Barbara Höller | Guido Kucsko
Manfred Makra | Josef A. Moser | Franz Riedl
Thursday, April 27, 7:00 p.m.
Opening: Vitus H. Weh, art critic and exhibition organizer
Imagine a space where you can think. Create a space of thought. As suggested by the title of this exhibition, this is exactly what visitors are invited to do.
Exhibition organizer Vitus H. Weh believes that the paradox of Imagine Space is the interconnection of panel painting and the contrary tradition of spatial presence, that is, distant panel paintings on the subject of space.
The moment you step inside the entrance hall, Manfred Makra’s wall paintings and wall objects, which were created especially for this exhibition and specific space, make the spatial surroundings oscillate before your eyes, evoking an atmosphere of both elegance and spirituality.
Barbara Höller, on the other hand, focuses purely on the material. In the process of her artistic work, polyester or aluminum serve as a painting support over which she creates courses of lines that seem almost magical. Silver-colored overlapping on tonally adjusted aquamarine color fields attune us to her masterly drawings in which she superimposes and alters the angle of the lines to create structures that appear to be in motion.
Franz Riedl creates masterful art by making incisions in cardboard. Captivating to the viewer, his incisions and reliefs are sometimes so dense and deep that they create new perspectives with the quality of stage sets, which, even without lighting, open the observer’s mind. The validation of this approach may be seen in a work dedicated to the great architect Friedrich Kiesler.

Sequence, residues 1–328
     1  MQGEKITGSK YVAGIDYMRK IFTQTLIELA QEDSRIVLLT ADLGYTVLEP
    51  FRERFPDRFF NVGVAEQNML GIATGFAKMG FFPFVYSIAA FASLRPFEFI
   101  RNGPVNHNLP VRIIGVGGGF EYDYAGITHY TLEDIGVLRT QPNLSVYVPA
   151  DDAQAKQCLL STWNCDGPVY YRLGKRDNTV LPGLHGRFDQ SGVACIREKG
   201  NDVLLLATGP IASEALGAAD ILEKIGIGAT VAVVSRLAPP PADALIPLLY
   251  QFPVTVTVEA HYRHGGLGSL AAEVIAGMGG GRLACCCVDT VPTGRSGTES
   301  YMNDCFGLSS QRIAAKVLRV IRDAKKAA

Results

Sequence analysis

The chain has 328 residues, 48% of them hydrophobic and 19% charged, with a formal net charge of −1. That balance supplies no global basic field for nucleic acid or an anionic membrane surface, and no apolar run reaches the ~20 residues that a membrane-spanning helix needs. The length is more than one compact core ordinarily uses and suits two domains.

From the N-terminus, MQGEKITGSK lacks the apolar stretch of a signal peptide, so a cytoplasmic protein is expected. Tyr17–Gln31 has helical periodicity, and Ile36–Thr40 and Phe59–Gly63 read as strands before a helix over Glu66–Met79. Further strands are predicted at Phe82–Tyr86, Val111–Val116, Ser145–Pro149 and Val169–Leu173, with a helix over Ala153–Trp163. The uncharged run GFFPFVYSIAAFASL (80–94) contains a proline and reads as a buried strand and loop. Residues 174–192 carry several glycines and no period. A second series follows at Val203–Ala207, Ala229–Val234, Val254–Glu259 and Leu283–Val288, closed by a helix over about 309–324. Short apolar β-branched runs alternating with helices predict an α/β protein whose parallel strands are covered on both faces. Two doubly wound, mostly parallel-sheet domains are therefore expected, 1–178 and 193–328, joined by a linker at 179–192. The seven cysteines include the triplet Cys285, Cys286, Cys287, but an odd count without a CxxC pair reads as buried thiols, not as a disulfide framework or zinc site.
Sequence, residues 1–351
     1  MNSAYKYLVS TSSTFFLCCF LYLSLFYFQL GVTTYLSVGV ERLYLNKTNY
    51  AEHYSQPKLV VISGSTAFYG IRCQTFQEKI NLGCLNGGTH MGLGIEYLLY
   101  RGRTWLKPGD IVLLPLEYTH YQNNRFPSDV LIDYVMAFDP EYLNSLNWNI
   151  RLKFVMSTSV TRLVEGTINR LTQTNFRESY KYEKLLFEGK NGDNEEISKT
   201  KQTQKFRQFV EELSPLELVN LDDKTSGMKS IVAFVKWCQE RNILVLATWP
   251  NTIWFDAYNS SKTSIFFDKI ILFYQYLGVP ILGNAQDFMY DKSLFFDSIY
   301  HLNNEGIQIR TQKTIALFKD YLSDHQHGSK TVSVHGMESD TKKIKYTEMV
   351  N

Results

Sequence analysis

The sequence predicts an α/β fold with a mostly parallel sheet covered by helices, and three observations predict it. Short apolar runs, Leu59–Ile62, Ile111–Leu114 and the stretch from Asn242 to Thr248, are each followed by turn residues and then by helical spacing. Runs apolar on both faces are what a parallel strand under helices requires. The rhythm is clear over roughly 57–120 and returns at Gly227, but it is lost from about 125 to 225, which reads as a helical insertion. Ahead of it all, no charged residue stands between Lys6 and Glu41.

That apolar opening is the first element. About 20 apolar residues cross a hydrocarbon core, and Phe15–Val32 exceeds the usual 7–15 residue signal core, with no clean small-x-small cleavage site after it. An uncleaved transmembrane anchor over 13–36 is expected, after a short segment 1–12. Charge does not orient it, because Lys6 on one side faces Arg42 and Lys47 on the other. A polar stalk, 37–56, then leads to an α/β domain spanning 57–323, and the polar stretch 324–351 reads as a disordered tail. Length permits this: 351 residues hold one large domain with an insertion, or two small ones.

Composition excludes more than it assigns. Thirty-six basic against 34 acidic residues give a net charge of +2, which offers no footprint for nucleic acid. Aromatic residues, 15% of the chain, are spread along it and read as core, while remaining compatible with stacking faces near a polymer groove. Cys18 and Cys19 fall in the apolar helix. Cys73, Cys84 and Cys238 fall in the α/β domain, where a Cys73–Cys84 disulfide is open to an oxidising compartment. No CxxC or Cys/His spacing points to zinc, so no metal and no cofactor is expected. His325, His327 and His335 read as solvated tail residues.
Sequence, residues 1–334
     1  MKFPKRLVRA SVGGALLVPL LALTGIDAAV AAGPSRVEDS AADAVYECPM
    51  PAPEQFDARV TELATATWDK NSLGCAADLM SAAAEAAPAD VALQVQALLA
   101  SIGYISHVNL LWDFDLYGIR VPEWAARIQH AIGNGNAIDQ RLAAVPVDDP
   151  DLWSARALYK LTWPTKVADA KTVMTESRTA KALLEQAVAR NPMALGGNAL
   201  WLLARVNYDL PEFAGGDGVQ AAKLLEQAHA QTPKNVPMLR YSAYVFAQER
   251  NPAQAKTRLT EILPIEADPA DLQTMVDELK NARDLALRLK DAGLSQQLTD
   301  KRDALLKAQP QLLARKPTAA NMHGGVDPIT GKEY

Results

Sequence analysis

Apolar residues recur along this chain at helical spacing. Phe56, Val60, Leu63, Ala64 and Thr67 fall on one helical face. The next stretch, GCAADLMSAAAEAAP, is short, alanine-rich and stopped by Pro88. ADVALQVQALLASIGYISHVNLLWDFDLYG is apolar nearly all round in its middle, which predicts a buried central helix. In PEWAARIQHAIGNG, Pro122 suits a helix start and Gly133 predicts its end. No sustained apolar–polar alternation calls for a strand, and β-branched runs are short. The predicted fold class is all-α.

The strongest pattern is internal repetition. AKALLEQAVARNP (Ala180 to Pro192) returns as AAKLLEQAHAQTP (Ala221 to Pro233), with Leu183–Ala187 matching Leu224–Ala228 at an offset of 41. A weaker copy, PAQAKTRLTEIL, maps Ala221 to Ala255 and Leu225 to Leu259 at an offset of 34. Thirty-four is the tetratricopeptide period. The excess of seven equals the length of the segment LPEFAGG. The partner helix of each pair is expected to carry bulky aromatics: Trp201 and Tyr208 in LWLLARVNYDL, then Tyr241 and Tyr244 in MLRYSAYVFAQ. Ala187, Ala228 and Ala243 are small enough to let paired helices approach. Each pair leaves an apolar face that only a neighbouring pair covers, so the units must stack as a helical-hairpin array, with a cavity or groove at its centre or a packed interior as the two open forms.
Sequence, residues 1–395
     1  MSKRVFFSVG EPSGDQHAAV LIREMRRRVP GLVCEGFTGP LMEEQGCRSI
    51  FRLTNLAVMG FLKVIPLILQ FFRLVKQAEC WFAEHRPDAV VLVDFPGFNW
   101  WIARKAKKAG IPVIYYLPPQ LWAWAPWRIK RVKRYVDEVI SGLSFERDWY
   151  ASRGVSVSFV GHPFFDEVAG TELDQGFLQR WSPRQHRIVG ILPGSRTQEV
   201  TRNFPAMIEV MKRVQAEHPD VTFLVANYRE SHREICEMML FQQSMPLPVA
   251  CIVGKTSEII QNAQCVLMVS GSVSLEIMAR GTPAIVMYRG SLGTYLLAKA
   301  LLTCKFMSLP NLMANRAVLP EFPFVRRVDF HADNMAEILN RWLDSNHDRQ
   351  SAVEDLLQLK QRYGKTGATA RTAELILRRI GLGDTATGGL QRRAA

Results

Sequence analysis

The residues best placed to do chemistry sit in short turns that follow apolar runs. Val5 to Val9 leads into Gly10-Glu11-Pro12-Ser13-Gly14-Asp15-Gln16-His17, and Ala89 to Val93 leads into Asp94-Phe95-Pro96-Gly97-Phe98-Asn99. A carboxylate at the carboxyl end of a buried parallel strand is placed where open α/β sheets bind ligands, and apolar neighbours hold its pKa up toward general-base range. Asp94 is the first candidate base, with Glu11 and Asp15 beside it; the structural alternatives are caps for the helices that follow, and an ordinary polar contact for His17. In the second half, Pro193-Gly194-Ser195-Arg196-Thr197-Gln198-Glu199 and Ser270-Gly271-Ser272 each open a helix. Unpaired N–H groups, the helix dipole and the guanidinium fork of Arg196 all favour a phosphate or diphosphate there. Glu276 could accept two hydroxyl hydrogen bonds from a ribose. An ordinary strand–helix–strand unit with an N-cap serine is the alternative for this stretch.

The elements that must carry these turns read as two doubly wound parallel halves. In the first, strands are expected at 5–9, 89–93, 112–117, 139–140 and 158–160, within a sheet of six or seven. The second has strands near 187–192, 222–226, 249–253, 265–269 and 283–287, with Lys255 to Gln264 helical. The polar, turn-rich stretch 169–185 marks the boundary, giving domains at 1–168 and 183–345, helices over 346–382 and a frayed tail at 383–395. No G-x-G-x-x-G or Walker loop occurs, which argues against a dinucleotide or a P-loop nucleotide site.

Riedl shares a “spiritual” space with Josef A. Moser, whose object-like installations challenge our conventional perceptions and take us to magical realms. Pure-white objects become radiant when set off against painted fields applied in primary colors to rear surfaces. There they are reflected by the white surfaces behind them, and the variously colored reflections blend together. They imbue the space with special energy, giving the viewer new strength for everyday life.
Guido Kucsko’s work, a series of ten framed black panels, create conceptual spaces, while consuming the room through their presence. Instead of the usual flat black panels, Kucsko uses aluminum boards, creased and painted in black, to structure the space in his 10 upcoming ideas. Of course, the pun that confuses “plain” and “plane” in the sense of flat is essential, and thus he concludes the series with a wall painting featuring the words: “I’m sick and tired of being plane!”